Government’s core problem is the statutory requirement that only Bureau of Labor Statistics surveys can be used to monitor market pay levels. Their methodology was not planned to compare the pay of federal employees with their private sector counterparts. Especially important, their surveys ignore the starting salaries in those high demand fields. BLS data fails to show the jobs where pay levels are below market.  

But that’s not the only problem. The GS system is administered as if it exists in a vacuum. Job vacancies are ignored; the local availability of qualified talent is ignored; barriers to commuting are ignored; the mix of local employers is ignored; local market practices like signing bonuses are ignored. The only information that’s relevant? The BLS data.

When federal pay is low, OPM can authorize special pay rates but then those employees are locked into the same treadmill of scheduled step increases. It’s hardly the answer to attract and retain the best talent.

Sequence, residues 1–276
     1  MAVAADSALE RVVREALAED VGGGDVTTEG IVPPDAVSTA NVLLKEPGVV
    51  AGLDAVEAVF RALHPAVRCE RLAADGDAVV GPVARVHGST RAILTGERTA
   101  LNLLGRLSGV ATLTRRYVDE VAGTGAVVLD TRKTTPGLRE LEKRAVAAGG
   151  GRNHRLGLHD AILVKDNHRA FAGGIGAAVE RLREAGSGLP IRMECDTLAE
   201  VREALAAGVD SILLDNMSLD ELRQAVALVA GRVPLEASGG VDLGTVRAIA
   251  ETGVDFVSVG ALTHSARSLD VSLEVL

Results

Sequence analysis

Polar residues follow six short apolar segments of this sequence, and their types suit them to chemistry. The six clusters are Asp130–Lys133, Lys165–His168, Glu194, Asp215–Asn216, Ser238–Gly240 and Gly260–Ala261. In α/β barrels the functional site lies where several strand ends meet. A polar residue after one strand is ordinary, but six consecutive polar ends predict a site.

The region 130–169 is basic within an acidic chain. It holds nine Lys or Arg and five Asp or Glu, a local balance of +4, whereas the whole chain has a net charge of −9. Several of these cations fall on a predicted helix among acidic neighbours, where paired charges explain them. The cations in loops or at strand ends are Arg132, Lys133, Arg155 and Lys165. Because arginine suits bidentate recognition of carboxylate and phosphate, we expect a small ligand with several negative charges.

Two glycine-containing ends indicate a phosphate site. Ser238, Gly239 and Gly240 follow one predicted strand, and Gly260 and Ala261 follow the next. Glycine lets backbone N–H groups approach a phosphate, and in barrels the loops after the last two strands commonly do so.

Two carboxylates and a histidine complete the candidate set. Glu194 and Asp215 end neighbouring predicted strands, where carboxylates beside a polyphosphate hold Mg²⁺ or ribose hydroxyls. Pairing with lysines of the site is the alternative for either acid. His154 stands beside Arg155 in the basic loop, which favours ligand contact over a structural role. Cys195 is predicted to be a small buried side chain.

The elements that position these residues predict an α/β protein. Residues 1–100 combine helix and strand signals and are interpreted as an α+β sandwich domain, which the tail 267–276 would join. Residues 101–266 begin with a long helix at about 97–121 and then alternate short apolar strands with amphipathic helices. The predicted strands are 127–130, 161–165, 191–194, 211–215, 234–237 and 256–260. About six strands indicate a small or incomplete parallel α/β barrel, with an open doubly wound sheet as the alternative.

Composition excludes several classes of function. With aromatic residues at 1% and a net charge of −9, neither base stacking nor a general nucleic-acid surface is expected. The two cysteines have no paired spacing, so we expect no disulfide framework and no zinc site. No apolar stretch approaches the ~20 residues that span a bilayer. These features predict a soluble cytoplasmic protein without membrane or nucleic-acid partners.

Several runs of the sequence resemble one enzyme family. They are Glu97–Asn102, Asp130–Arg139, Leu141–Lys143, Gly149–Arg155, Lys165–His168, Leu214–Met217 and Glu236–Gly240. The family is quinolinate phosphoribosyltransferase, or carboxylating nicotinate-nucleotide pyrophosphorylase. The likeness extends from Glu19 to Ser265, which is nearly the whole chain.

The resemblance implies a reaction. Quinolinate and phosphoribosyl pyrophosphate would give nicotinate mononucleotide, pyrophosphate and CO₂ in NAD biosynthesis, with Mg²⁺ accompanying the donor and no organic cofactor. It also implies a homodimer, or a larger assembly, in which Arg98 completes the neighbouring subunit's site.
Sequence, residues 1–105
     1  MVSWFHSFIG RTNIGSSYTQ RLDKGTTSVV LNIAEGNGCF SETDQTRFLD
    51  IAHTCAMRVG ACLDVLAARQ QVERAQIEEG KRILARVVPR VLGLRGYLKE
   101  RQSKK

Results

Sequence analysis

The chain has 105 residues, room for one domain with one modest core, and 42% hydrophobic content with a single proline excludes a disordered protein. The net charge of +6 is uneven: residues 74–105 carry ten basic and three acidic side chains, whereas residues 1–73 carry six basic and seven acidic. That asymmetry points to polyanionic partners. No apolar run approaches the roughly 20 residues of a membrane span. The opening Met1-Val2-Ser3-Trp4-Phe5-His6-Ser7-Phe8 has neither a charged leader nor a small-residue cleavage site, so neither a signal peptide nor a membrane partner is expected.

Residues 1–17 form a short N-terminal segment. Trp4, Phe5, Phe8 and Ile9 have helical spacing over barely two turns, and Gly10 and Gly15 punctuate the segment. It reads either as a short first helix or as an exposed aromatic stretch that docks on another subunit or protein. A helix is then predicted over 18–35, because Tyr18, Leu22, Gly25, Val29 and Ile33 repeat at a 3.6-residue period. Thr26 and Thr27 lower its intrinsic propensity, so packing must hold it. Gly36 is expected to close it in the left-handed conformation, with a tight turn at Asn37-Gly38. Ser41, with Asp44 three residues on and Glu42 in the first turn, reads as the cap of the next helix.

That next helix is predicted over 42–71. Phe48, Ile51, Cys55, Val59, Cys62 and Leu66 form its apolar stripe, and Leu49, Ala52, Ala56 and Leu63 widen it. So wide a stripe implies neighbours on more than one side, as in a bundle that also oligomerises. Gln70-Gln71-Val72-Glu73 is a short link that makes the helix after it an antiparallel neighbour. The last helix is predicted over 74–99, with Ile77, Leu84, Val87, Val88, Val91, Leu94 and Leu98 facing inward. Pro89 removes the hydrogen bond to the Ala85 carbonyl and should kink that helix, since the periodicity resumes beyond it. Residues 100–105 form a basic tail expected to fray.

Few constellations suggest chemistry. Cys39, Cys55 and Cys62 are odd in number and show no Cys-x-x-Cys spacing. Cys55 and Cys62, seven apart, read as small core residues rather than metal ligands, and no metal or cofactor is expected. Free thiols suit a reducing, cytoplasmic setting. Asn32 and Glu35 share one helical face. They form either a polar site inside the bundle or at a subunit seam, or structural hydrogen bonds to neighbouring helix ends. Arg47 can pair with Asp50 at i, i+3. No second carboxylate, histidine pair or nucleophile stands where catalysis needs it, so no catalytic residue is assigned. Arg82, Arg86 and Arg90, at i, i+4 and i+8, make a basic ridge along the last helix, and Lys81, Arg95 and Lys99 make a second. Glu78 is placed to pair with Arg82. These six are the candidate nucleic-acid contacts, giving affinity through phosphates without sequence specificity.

Yes, Total Compensation is Relevant

Recent Federal Salary Council reports have discussed switching the analysis to total compensation. That followed from a 2017 Congressional Budget Office report that argued the higher costs of federal benefits should be considered in planning cash compensation levels: “Overall, the federal government paid 17 percent more in total compensation than it would have if average compensation had been comparable with that in the private sector.” Both claim private employers rely on total compensation.

That is true. Companies need to keep their operating costs in line with their direct competitors, and payroll costs are one of the largest budget items.

However, both the Council and CBO report arguments are flawed: